A biological food chain in the back yard produces fresh fish for the table and compost for the garden.

By Philip and Joyce Mahan

After some study and experimentation, we have set up a productive food chain-- table scraps to earthworms to catfish--in our back yard. The project is satisfactory in many respects, utilizing waste materials to produce fresh fish for food and at the same time yielding ample compost for a small garden. The material cost is minimal. The whole operation can be set up for less that $15.00. The equipment occupies only about 12 square feet of space, and the entire assembly can be easily moved if necessary.

The materials can be very simple: Two 55-gallon steel drums, three panes of glass 24 inches square, and a medium-sized aquarium air pump. One of the drums will serve as a tank for the fish, oxygen being supplied by the air pump; and the second drum should be cut in half to provide two bins for the worms. The panes of glass are used as covers for the worm bins and fish tank, and for ease and safety in handling can be framed with scrap lumber.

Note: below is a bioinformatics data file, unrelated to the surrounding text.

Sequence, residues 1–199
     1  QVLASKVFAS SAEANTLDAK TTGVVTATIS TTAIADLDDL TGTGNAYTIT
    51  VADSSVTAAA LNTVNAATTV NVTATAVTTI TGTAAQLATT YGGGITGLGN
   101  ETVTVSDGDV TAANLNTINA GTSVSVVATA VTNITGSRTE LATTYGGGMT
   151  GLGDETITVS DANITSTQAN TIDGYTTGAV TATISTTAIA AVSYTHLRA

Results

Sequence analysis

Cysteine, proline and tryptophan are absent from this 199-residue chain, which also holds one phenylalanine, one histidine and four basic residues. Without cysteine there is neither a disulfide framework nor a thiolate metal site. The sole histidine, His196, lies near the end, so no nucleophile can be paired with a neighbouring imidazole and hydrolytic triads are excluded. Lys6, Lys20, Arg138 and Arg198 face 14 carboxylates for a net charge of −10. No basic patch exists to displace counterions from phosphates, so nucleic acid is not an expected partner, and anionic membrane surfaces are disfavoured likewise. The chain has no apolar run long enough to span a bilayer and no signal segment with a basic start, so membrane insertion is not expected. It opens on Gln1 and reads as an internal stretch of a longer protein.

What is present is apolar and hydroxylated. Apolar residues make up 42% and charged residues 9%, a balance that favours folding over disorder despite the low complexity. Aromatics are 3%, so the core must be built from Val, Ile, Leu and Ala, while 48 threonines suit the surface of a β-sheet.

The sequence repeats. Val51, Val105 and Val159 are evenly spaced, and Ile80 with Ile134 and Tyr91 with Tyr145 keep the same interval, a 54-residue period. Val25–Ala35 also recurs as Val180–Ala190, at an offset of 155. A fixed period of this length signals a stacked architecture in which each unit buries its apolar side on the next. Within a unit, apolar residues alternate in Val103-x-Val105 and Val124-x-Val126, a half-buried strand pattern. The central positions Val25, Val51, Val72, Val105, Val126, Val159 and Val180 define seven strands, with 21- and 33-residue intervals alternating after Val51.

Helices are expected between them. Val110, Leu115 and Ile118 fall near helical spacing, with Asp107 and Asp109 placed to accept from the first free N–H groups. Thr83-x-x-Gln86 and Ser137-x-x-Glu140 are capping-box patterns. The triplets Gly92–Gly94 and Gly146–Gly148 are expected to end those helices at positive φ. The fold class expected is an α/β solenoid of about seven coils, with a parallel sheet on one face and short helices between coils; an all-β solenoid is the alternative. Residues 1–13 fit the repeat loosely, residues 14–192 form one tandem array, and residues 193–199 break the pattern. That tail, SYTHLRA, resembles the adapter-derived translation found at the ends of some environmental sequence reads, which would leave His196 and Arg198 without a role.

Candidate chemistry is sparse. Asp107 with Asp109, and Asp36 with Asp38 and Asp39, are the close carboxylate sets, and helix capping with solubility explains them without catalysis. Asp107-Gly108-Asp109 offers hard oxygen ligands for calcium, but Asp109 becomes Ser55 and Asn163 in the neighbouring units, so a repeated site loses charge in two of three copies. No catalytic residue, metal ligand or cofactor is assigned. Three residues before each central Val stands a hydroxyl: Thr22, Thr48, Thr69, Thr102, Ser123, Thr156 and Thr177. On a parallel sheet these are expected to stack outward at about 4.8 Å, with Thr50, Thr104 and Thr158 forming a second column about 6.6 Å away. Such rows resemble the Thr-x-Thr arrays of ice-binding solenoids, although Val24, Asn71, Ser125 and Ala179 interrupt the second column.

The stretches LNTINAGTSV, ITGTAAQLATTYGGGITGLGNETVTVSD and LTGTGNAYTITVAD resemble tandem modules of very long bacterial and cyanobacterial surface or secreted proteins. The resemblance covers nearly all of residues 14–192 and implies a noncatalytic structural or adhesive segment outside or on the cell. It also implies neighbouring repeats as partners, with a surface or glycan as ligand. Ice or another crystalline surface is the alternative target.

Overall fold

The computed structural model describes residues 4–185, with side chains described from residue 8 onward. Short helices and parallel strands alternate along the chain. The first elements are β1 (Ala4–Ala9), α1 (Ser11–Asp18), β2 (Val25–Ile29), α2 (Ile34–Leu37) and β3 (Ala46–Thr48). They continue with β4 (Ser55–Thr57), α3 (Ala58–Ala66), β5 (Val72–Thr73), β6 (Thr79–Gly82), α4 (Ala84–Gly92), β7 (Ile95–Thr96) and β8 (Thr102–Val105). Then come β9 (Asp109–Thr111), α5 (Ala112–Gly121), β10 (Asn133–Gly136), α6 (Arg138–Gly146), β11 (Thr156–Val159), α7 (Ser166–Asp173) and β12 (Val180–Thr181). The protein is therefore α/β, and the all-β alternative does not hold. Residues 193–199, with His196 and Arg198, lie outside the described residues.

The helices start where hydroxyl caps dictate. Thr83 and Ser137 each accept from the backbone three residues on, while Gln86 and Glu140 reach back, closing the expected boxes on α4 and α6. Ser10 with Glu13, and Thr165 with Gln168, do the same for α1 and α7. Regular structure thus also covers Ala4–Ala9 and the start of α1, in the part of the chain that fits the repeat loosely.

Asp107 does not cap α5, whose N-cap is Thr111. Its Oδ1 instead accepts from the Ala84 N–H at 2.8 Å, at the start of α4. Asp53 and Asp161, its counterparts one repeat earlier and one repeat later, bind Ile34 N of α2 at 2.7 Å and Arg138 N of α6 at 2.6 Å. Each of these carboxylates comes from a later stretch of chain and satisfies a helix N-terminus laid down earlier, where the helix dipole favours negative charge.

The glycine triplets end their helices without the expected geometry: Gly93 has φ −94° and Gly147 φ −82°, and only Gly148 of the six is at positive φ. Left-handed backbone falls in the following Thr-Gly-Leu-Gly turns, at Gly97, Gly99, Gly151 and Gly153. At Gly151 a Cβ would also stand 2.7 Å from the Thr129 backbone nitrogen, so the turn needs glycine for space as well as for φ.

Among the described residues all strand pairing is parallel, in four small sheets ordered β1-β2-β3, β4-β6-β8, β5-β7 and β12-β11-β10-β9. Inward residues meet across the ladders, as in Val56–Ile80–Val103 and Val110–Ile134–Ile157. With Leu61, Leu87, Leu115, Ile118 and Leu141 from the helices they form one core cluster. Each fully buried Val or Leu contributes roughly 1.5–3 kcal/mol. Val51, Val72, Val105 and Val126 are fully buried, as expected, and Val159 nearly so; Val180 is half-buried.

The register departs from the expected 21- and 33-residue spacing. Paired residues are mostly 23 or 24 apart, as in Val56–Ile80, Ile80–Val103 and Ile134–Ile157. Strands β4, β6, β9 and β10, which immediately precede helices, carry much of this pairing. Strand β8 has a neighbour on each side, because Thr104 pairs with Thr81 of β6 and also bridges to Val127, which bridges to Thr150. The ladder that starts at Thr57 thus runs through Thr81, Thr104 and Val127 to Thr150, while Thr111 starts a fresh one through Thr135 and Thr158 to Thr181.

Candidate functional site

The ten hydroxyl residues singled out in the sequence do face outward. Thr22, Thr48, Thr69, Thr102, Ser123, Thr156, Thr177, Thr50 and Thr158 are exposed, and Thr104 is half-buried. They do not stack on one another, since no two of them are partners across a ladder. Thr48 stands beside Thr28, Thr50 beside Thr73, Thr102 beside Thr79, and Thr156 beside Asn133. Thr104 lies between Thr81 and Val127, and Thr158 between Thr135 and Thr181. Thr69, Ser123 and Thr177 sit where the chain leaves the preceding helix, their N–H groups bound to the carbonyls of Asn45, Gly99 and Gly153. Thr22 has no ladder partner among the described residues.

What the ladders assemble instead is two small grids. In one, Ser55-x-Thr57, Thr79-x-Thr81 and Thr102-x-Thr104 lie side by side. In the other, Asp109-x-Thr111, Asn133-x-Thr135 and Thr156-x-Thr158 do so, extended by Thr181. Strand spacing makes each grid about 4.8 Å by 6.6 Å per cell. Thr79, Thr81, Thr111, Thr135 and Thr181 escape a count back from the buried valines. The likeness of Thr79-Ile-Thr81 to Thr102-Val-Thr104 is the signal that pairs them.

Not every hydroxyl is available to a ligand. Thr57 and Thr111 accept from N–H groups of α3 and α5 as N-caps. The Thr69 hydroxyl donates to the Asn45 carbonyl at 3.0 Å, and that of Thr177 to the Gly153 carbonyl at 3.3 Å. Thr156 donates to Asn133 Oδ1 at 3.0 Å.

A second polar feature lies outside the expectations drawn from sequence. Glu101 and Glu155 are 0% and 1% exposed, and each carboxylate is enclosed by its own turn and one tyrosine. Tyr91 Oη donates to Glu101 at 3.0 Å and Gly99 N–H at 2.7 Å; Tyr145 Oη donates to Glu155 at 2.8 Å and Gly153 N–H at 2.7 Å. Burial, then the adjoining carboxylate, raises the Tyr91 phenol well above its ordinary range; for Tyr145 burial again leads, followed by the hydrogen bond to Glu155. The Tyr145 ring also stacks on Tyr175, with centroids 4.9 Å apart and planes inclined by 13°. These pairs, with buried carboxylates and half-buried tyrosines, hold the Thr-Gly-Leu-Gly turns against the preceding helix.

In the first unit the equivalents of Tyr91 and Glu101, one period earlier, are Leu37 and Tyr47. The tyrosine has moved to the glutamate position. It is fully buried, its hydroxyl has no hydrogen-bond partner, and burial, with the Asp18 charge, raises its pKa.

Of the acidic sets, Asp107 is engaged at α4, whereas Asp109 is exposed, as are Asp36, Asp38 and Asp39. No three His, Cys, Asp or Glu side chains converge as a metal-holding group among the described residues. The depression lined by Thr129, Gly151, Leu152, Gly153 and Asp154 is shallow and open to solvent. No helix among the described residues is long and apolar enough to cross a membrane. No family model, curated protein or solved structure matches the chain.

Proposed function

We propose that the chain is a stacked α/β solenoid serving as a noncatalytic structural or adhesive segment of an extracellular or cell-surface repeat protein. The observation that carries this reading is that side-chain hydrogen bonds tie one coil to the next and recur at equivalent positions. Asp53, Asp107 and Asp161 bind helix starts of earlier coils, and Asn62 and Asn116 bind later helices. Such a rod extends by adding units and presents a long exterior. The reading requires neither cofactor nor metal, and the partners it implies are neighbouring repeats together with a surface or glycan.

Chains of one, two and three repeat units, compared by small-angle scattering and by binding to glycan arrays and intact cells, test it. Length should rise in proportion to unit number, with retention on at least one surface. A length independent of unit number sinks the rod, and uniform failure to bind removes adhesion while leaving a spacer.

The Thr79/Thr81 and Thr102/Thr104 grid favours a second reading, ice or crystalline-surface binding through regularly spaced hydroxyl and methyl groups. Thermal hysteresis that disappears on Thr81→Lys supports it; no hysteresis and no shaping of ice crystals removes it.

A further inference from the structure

Onions in heavy mulchWith springtime just around the corner we are in full preperation mode here at the Yardstead.  We have a few veggies in the garden already with plans for many more.  Kathleen has a stack a seed packets ready to go but I havent looked yet to see whats on the menu.  She does all the garden planning and I just provide the labor.  She helps with that too of course.  Anyway, since Im the head of the yardstead labor department I am always looking for ways to minimize tedious labor intensive tasks.  Number one on my list of tedious labor intesive tasks is pulling weeds.  I have always hated pulling weeds since the first time I can remember doing it.  When I was a kid my father always kept a garden going in our back yard.  I always wanted to help with whatever my dad was doing in the garden, especially if my big brother was helping too.  I remember seeing my brother on his hands and knees "playing" in the garden along a row of eggplants.  I asked if I could help and he gave a quick lesson on how to pull weeds without bothering the vegetables.  The weeds were easy to identify because the eggplants were well established so ther was no danger of me accidentally pulling up veggies and   I soon started working down my own row.  I don't think I made it past even three plants before I promoted myself to watering.  I was still just a little tyke so it was a few more years before I actually got assigned weeding as a chore.  I have been trying to get out of it ever since.